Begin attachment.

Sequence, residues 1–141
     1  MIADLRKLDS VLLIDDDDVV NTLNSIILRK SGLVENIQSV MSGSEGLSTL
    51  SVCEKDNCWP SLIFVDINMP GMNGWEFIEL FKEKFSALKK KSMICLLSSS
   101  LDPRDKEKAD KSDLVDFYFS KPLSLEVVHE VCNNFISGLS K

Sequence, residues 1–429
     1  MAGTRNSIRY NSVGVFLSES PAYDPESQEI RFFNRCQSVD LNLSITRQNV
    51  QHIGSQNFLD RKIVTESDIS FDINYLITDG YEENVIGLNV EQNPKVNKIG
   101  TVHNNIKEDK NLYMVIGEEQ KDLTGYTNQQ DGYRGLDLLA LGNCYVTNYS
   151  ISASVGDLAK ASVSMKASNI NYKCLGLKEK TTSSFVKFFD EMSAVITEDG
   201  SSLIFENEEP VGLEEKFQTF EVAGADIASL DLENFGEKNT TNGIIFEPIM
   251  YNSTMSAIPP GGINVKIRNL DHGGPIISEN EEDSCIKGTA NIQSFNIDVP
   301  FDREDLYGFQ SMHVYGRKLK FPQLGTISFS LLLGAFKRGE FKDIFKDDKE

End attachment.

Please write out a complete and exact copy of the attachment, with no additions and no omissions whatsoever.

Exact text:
Sequence, residues 1–141
     1  MIADLRKLDS VLLIDDDDVV NTLNSIILRK SGLVENIQSV MSGSEGLSTL
    51  SVCEKDNCWP SLIFVDINMP GMNGWEFIEL FKEKFSALKK KSMICLLSSS
   101  LDPRDKEKAD KSDLVDFYFS KPLSLEVVHE VCNNFISGLS K

Sequence, residues 1–429
     1  MAGTRNSIRY NSVGVFLSES PAYDPESQEI RFFNRCQSVD LNLSITRQNV
    51  QHIGSQNFLD RKIVTESDIS FDINYLITDG YEENVIGLNV EQNPKVNKIG
   101  TVHNNIKEDK NLYMVIGEEQ KDLTGYTNQQ DGYRGLDLLA LGNCYVTNYS
   151  ISASVGDLAK ASVSMKASNI NYKCLGLKEK TTSSFVKFFD EMSAVITEDG
   201  SSLIFENEEP VGLEEKFQTF EVAGADIASL DLENFGEKNT TNGIIFEPIM
   251  YNSTMSAIPP GGINVKIRNL DHGGPIISEN EEDSCIKGTA NIQSFNIDVP
   301  FDREDLYGFQ SMHVYGRKLK FPQLGTISFS LLLGAFKRGE FKDIFKDDKE